A comprehensive eye exam is crucial to ensuring complete eye health. The first step is to schedule regular eye exams, including a cataract test, glaucoma test, and a dilated eye exam. Doctors recommend that diabetics and those at risk for diabetic eye disease have their eyes examined at least once a year or more frequently if they suffer from other diabetes complications.
Monitor and Control Blood Sugar Levels
You’re more likely to develop eye problems if you have high blood sugar levels. So, you must maintain control of your blood glucose levels regularly by taking measures to prevent it from getting too high or too low. Have your A1C checked every six months.
Furthermore, elevated blood sugar levels can result in hazy vision that is not directly connected to diabetic retinopathy. The reason for this is an excessive amount of sugar and water in the lens of the eye, which sits just in front of the retina.
Keep Blood Pressure and Cholesterol Levels Healthy
A high level of cholesterol may also cause diabetic retinopathy. If you have high LDL (bad cholesterol) or triglyceride levels, your provider may prescribe medicine to help lower them. Make sure to have your blood pressure checked regularly.
Seek Treatment for Vision Problems Immediately
Consult your eye doctor immediately if you are having eye problem symptoms. An early diagnosis of symptoms makes treatment more effective. Your eye doctor will recommend safe eye drops for diabetics, laser treatments, and surgery to treat eye problems. Schedule a consultation if you are experiencing the following:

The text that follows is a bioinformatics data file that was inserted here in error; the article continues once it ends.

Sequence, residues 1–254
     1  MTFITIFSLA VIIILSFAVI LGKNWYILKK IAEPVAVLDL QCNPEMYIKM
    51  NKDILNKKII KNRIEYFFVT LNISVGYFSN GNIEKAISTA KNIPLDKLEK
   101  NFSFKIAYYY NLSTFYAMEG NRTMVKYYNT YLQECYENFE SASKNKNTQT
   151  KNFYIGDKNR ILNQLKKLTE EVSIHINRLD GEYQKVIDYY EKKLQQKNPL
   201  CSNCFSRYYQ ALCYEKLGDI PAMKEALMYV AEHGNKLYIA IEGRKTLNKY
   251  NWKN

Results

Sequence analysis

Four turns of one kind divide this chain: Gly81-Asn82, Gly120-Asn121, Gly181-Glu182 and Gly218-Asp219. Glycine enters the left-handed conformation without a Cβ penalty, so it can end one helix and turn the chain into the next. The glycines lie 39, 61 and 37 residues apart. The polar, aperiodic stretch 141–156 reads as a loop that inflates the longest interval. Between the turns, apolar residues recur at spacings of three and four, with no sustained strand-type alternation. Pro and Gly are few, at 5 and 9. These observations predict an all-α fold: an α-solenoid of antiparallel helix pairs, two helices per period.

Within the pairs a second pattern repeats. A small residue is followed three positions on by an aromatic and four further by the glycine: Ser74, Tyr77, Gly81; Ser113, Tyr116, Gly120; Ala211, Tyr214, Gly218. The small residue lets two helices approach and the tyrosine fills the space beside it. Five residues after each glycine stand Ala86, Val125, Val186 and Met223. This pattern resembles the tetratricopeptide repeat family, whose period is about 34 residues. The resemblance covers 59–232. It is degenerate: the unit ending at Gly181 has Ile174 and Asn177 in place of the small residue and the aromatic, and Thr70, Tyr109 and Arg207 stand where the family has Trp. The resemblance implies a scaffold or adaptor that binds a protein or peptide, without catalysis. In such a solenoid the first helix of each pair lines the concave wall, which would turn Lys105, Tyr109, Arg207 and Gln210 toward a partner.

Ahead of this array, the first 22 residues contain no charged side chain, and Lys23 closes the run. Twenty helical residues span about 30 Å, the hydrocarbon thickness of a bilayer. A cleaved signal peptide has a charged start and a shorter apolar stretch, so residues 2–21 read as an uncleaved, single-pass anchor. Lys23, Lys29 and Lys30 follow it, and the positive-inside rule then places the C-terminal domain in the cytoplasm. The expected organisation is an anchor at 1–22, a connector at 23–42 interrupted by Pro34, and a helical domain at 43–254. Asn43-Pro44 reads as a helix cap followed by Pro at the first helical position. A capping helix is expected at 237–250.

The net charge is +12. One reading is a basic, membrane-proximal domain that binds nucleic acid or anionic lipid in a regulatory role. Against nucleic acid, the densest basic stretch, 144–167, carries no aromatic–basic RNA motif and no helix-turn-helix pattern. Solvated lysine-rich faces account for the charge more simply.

- cloudy, spotty, or hazy vision
- eye pain
- floaters in the eyes
- you have blind spots
- double vision
Eat Healthy Foods
Consuming a nutritious diet rich in vitamin A, carotenoids, and certain dark green vegetables, such as spinach and kale, can help reduce your risk of developing certain eye problems. Limit foods high in sugar, sodium, and fat. By eating a healthy, balanced diet, you can increase your chances of staying healthy and maintaining good eyes.
Have Regular Exercise
By exercising regularly, you can improve your fitness level, maintain a healthy level of blood sugar, and reduce the risk of heart disease and nerve damage. Monitor your blood sugar levels before, during, and after exercise to avoid hypoglycemia that can lead to insulin shock.
If you already suffer from eye problems, speak with your provider about avoiding exercises causing stress to your eye’s blood vessels. Exercises such as weight lifting and high-impact exercises may worsen your symptoms.
Shield Your Eyes from the Sun
You should protect your eyes from the sun just as you protect your skin from the sun. There is a link between UVA and cataracts, so make sure you shield your eyes from the sun by wearing UVA and UVB sunglasses.
As a smoker, you are at a higher risk of developing diabetes-related problems, including diabetic retinopathy. That’s why it’s essential to stop smoking. Your doctor can help you if you are having difficulty quitting smoking or using other types of tobacco.
Keep Your Vision Healthy!
With proper eye care, people with diabetes can enjoy better long-term health and vision. By developing healthy habits early on, you can reduce your risk for significant problems like glaucoma, cataracts, and other things that could render you blind.
Consult your physician if you think you are at risk for diabetes. Our tips in this article will help you enjoy improved eye health and lower the risk of diabetes-related eye diseases. For diabetes management and reversal, consult with our team here at PHWC! To get started, schedule an appointment online or call us at 441-292-5111 .! To get started, schedule an appointment online or call us at 441-292-5111 .